By Jef With One F
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After a gross misstep with its previous exhibition of New York-based artist Paul Villinski's useless response to Hurricane Katrina's aftermath ("Emergency Response Studio"), Rice Gallery presents an utterly redeeming installation by Brazilian artist Henrique Oliveira that not only renders the artistic ideas and schemes posed by "ERS" ridiculous, but also engages the imagination in clever and visually arresting ways. "Henrique Oliveira: Tapumes," a massive, abstract installation exhibition constructed from discarded and deteriorating plywood harvested from construction sites in São Paulo, is the artist's first American solo exhibition, and there isn't a more appropriate place and time for Oliveira to make his solo debut than Houston right now.
Interestingly, Rice Gallery included an article by Times-Picayune (New Orleans) art critic Doug MacCash in its press materials for Tapumes. The article was a review of the show "Something from Nothing," an exhibit of work by 14 artists from around the world who descended on the Big Easy to create post-K art with limited supplies and no real studio. MacCash picked Oliveira's contribution as the exhibit's best, but the critic also called the show "stale as a box of doughnuts," noting that New Orleans artists had been creating "plenty from nothing" for a long time. "Plenty and better," he wrote. MacCash blasted the show as "boring" and "based on a backward concept." He also chastised its curator for choosing outsiders instead of spotlighting local artists. As I pointed out in my "ERS" review, a lame concept cloaked in the costume of good intentions can only backfire.
Thankfully that's not the case here. Oliveira has no such motives, even though catastrophic correlations to "ERS" might be detected in the installation's local setting.
From a referential perspective, Tapumes bears striking similarities to abstract impressionist painting — its thousands of wooden shards resemble the texture of brush strokes when viewed from a distance, especially through the gallery window, which acts as a frame. Up close, Tapumes reveals its sculptural and architectural elements; it appears to have formed like cavernous rock weathered by the elements into a random conglomeration of tubes and contorted channels subtly stained with color. Oliveira built a rough frame of flexible plywood attached to the gallery wall, what he calls his "drawing stage," and then organically layered the painted wooden scraps he shipped from São Paulo to the frame — his "painting stage."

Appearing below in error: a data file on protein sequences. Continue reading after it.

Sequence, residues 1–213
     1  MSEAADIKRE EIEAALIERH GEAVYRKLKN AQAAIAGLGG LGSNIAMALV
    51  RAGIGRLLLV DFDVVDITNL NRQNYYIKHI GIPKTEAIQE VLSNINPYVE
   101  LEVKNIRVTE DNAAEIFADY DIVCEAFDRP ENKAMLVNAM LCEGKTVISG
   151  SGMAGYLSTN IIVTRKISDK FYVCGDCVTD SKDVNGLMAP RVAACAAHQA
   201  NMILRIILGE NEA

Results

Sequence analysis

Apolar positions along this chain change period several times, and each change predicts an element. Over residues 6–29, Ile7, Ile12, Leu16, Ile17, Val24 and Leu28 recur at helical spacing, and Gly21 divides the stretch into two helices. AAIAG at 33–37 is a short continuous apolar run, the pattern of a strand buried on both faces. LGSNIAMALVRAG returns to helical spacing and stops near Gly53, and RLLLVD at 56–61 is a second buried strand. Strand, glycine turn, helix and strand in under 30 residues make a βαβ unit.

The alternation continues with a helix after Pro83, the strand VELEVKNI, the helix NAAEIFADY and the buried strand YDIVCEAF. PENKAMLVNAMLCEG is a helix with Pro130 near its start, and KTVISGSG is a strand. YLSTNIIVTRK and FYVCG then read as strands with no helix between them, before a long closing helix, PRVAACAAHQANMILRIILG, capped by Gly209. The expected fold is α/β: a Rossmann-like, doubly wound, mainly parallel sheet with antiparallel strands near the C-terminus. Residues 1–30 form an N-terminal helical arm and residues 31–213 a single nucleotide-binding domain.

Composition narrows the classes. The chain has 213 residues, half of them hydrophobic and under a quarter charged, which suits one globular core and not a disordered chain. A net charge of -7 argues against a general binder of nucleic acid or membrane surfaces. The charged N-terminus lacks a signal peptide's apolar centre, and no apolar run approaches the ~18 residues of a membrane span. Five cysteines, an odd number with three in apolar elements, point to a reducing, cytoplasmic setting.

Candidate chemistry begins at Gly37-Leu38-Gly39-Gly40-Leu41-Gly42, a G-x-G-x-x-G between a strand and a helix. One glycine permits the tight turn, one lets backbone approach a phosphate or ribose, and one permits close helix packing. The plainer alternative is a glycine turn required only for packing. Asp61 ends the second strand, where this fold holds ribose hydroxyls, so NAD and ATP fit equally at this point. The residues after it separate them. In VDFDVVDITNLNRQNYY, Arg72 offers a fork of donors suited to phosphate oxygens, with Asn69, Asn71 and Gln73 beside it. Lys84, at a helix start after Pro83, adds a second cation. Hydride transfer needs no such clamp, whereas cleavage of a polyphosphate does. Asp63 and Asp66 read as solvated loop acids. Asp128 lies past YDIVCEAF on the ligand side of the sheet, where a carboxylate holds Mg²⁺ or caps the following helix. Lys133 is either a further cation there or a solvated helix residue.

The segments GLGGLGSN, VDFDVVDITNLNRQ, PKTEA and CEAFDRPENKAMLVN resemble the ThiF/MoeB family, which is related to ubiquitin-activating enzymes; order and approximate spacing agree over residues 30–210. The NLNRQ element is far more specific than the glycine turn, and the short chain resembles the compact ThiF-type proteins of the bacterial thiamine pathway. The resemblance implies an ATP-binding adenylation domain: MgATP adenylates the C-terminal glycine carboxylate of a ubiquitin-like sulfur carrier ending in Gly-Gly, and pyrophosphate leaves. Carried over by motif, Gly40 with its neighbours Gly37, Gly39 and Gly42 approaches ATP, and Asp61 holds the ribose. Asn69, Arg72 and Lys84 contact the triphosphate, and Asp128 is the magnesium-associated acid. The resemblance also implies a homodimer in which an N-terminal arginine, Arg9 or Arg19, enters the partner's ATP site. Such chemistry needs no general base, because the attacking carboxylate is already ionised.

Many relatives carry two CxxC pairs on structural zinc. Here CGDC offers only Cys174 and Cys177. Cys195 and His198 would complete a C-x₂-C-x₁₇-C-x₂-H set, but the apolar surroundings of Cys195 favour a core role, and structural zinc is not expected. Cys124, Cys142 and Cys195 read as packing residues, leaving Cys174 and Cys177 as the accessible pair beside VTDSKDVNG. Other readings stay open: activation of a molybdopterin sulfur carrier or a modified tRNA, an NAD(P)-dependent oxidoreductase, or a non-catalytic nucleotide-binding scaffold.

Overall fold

Put together with staples, the result bears the hallmarks of a rushed process, like a gang of skaters throwing up a shabby half-pipe in a day, but the gorgeous interplay of color, texture and shape is a credit to Oliveira's instinctive but careful method. Tapumes's seamlessly fluctuating forms imitate rolling waves, funnels, bulbous protrusions and violent splashes. Parts of the work call to mind Dan Havel and Dean Ruck's Inversion, the site-specific installation that looked like a vortex being sucked through the old Art League building on Montrose. Representational elements crop up here and there — a stalactite hanging from the ceiling, a freestanding form resembling a giant bulb of garlic.
Tapumes also has the potential to rip the scabs off any emotional wounds inflicted by Hurricane Ike. Even six months after the storm and a feeling of normality restored, there's no denying the work's ability to conjure images of windswept debris and chaos, as if Oliveira had harvested his materials locally and constructed a monument to disaster. Conceptually, though, Oliveira might have never meant to invoke local events. Tapumes is very much in the vein of Oliveira's other works ("tapumes" is Portuguese for "fencing" or "enclosure"), and it captures the "tridimensional" quality that results from Oliveira's concept of translating a painting into a spatial entity. And on that level alone, it's spectacularly successful. Don't forget to check out the time-lapse video documenting the piece's construction. It's a hypnotic rush of activity that strengthens the installation's presence in the space.
After a long look, though, it felt wrong that Tapumes was a temporary installation. I wanted to see something truly site-specific and permanent, like some of Oliveira's other sculptures — something that existed where it belonged and outside the context of a gallery. But that wouldn't work either. Not now. If he had permanently installed the work in a public space here in Houston, we might have renamed it "Ike." It's better this way. It flies in from an exotic locale, messes with our heads and goes far, far away. Forever.